Insights and Impact

A Shameful Legacy 

Darnley Hodge Jr., SOC/MA '14


Darnley Hodge sits in his Oxon Hill, Maryland, editing bay
Photo by Bill O'Leary/The Washington Post via Getty Images

The American LOWS (Legacy of White Supremacy) opens with a sobering sequence of violence and hate that is unsettling—but not unfamiliar.

Police fatally shoot Levar Jones, Philando Castile, and Walter Scott. George Zimmerman calls 911 on Trayvon Martin. Minneapolis police officer Derek Chauvin kneels on George Floyd’s neck, hands casually tucked in his pockets. Pieced together from cell phone and dash-cam video and 911 audio, the footage is a painful reminder from filmmaker Darnley Hodge Jr. of racism’s relentless human toll.

An award-winning photojournalist who started his own production company, Imagination Media LLC, in his twenties, Hodge has witnessed far too much racial violence in his work and far too little nuance in its coverage by the media.

After graduating from AU, Hodge—the son of a law enforcement officer—began filming The American LOWS to explore how white supremacy’s roots are deeply entangled in our nation’s culture and history, from a 1681 Maryland anti-miscegenation law that marked the first use of the word “white” to eugenics classes taught at major universities. “I want the viewer to come away with the understanding that racism is not just a specific behavior, but a mentality, identity, institution, and ideology,” says the Oxon Hill, Maryland, resident.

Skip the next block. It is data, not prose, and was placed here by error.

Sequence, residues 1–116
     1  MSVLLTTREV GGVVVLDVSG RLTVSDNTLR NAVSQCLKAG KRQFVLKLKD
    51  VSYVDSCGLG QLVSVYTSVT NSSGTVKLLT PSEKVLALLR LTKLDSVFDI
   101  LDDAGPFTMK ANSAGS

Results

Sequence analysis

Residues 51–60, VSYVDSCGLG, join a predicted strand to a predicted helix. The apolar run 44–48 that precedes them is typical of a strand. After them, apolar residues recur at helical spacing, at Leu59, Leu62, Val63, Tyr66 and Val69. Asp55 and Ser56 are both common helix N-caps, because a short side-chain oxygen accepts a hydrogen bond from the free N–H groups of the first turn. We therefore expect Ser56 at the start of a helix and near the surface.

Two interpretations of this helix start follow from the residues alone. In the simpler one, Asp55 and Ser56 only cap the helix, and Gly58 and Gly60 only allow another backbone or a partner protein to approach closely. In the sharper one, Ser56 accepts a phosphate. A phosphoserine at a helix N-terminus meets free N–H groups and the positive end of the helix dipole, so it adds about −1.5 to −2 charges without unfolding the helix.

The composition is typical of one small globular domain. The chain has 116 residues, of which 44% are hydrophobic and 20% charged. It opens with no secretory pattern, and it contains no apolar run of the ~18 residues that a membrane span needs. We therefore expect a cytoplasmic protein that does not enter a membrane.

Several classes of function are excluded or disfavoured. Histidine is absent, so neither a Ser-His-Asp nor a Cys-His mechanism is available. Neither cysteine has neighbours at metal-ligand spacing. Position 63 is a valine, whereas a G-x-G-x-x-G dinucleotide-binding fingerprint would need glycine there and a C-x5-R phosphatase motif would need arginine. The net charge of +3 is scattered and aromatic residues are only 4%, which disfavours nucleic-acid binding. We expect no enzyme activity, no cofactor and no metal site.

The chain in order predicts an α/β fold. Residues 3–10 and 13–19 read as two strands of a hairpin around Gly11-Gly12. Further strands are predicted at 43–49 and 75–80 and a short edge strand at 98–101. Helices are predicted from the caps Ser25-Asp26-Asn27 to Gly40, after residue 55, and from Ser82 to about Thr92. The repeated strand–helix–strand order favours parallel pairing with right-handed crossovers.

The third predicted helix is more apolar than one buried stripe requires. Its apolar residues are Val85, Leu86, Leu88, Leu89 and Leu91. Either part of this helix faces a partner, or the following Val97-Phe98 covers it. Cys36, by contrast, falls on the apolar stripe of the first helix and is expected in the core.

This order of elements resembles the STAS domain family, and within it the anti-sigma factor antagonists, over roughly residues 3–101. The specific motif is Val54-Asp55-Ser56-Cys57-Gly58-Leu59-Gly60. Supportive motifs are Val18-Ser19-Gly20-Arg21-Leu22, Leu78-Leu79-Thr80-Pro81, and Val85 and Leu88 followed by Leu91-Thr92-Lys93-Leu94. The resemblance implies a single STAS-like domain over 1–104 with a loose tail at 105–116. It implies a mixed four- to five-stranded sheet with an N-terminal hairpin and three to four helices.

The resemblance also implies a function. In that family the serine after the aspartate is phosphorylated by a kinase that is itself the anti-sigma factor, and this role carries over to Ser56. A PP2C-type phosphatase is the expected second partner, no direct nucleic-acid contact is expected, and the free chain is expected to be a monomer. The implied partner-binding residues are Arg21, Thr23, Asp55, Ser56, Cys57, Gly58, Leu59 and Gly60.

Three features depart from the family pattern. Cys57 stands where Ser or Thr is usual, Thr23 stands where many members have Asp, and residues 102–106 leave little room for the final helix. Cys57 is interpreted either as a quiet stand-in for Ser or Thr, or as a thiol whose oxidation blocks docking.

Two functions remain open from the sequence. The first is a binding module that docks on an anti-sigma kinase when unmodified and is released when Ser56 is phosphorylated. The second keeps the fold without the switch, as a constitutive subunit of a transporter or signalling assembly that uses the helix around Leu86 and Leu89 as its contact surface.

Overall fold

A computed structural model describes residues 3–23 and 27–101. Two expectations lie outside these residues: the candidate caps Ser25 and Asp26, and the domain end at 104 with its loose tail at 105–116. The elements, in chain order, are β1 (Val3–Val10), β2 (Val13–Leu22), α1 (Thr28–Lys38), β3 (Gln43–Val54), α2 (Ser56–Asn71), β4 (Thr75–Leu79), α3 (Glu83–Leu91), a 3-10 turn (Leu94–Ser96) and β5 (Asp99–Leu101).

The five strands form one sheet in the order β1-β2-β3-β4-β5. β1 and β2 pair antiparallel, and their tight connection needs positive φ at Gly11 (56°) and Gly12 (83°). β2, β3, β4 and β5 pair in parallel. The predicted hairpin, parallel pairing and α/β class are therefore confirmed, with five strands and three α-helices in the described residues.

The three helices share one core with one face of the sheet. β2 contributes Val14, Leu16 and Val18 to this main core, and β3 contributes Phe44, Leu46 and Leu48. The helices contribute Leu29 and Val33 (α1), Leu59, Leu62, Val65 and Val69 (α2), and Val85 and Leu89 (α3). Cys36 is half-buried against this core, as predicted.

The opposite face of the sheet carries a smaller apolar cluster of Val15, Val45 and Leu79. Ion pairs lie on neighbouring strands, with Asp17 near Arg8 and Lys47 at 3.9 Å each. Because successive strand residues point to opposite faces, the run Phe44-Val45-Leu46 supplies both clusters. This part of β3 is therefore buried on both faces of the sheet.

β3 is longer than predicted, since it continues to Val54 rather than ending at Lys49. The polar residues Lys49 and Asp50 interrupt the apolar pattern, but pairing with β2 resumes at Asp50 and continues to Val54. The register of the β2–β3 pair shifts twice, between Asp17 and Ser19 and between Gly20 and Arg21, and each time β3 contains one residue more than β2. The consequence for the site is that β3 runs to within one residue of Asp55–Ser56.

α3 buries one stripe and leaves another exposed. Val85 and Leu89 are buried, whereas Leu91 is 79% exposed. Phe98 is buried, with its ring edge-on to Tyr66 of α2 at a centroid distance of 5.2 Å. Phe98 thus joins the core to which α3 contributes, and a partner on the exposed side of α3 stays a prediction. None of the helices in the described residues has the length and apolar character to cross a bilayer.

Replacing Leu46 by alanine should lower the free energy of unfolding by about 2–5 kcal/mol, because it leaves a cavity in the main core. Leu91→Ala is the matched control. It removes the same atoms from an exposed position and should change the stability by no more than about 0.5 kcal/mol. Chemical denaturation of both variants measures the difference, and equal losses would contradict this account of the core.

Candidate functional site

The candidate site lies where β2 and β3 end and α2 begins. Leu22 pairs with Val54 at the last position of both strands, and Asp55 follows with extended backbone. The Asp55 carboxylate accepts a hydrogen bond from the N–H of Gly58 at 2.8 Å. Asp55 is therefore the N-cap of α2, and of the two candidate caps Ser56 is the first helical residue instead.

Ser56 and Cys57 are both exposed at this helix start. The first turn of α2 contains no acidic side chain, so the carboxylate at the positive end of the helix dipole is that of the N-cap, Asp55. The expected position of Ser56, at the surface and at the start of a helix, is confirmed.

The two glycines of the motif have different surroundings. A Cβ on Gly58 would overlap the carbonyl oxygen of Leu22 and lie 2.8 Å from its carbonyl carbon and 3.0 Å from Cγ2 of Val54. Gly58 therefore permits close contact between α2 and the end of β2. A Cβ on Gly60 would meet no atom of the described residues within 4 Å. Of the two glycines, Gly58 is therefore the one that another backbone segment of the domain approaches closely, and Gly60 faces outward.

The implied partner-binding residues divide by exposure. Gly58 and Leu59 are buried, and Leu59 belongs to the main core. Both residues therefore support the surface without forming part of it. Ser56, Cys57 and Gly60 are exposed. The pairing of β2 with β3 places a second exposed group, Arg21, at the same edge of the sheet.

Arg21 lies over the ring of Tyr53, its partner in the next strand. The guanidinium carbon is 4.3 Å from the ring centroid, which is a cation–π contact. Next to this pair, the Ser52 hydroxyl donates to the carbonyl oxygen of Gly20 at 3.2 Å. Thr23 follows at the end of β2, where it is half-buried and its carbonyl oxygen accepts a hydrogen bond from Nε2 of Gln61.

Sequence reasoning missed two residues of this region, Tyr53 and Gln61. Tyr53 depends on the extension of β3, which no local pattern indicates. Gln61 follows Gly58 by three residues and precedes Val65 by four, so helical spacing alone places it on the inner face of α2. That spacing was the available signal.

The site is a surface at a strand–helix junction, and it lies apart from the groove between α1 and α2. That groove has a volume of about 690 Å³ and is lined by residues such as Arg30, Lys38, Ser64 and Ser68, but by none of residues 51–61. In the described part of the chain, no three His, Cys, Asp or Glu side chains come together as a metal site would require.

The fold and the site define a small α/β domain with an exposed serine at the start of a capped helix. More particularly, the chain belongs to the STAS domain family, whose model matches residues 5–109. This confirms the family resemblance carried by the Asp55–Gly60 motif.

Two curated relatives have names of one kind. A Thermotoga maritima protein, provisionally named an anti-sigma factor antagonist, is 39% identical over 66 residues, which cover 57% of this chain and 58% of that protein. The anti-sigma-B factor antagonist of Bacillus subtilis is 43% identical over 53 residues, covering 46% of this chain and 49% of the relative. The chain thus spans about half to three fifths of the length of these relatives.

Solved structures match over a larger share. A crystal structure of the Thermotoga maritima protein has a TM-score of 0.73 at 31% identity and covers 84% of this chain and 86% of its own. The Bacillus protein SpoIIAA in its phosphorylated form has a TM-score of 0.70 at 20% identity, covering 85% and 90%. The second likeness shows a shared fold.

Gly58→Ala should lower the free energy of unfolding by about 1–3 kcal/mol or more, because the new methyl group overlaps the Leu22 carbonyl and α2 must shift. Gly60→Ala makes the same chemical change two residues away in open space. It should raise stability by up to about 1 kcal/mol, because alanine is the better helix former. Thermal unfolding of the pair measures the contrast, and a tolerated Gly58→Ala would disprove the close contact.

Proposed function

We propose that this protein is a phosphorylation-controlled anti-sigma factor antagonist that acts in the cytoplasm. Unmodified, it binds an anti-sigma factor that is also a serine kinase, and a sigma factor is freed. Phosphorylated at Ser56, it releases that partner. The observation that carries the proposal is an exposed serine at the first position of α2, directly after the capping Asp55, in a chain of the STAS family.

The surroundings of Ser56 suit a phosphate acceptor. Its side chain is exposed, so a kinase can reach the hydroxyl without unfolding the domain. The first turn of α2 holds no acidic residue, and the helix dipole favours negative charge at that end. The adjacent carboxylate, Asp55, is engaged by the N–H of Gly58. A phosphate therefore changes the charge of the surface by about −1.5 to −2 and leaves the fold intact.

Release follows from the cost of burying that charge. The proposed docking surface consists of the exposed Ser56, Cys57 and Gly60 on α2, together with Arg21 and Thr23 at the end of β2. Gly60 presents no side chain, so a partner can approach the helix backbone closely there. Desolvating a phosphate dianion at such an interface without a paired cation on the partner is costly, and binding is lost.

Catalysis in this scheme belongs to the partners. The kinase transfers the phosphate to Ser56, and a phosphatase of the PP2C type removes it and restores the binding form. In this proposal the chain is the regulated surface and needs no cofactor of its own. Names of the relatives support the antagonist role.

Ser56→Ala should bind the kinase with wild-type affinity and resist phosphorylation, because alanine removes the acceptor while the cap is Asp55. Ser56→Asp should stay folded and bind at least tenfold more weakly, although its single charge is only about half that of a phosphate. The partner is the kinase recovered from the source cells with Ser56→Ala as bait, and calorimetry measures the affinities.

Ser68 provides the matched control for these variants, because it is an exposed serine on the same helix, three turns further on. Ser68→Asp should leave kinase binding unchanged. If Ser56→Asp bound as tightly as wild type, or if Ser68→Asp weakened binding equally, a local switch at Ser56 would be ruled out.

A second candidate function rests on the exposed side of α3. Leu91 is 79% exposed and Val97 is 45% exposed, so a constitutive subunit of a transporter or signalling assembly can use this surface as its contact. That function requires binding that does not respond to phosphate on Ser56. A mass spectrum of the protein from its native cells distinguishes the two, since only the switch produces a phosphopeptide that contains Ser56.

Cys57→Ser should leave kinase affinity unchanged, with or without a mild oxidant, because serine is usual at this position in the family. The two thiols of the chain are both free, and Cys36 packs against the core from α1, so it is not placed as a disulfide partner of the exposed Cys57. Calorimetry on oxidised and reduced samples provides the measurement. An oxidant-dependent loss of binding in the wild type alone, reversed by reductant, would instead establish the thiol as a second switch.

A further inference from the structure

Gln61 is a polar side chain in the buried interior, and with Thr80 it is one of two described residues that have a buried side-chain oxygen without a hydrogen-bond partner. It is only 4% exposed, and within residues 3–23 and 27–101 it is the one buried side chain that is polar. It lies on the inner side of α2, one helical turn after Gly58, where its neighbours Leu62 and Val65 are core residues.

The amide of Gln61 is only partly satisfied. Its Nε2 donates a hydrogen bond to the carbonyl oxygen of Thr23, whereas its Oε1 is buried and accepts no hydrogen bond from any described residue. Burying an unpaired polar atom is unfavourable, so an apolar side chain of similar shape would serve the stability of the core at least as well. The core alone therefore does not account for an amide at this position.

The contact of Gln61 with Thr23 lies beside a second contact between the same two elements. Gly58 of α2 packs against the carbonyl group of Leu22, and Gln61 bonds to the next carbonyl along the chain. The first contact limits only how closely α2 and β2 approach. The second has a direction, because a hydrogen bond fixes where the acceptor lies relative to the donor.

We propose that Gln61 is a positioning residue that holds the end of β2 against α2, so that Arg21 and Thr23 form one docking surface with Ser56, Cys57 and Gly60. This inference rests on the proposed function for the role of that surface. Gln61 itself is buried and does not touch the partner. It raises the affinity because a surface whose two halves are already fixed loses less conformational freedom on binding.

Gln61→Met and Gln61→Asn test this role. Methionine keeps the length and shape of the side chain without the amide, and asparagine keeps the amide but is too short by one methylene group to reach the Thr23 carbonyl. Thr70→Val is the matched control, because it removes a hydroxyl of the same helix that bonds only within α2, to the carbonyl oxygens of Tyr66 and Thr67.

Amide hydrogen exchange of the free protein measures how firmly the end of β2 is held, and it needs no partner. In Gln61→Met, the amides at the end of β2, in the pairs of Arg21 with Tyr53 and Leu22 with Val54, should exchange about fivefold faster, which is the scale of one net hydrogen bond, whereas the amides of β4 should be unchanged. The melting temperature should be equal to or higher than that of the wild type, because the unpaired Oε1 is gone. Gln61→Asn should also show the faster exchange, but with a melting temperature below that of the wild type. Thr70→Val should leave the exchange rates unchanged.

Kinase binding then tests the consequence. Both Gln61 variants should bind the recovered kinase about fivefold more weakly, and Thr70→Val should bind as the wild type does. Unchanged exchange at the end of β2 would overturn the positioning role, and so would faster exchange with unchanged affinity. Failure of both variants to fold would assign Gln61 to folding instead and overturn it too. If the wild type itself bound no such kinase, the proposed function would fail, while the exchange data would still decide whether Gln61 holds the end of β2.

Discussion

Released in August and streaming on Prime Video, the documentary took six years and five cameras to complete, and features 20 interviews with political commentators, former government officials, and scholars—including psychiatrist and author Frances Cress Welsing in the final interview before her death in 2016.

The film doesn’t spend all of its 88 minutes exploring the lows of white supremacy, however; it ends by sharing another legacy intended to empower Black people. Hodge weaves footage from his 2017 trip to Egypt and interviews with historians and anthropologists to shed light on the cultural and academic achievements of civilizations along the Nile River. It’s an intentional departure from how Black accomplishment in America is often presented: as “doing something that white people already did,” Hodge says.

“My message to Black people is, don’t settle for equality. The ultimate solution is to regain what was lost in that Middle Passage.”